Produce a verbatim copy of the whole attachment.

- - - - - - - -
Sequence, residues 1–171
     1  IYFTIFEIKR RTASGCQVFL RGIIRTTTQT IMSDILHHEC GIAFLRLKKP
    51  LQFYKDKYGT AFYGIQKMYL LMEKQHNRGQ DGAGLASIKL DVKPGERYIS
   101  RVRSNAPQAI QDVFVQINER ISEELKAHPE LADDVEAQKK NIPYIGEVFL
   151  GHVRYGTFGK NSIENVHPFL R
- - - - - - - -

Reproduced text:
Sequence, residues 1–171
     1  IYFTIFEIKR RTASGCQVFL RGIIRTTTQT IMSDILHHEC GIAFLRLKKP
    51  LQFYKDKYGT AFYGIQKMYL LMEKQHNRGQ DGAGLASIKL DVKPGERYIS
   101  RVRSNAPQAI QDVFVQINER ISEELKAHPE LADDVEAQKK NIPYIGEVFL
   151  GHVRYGTFGK NSIENVHPFL R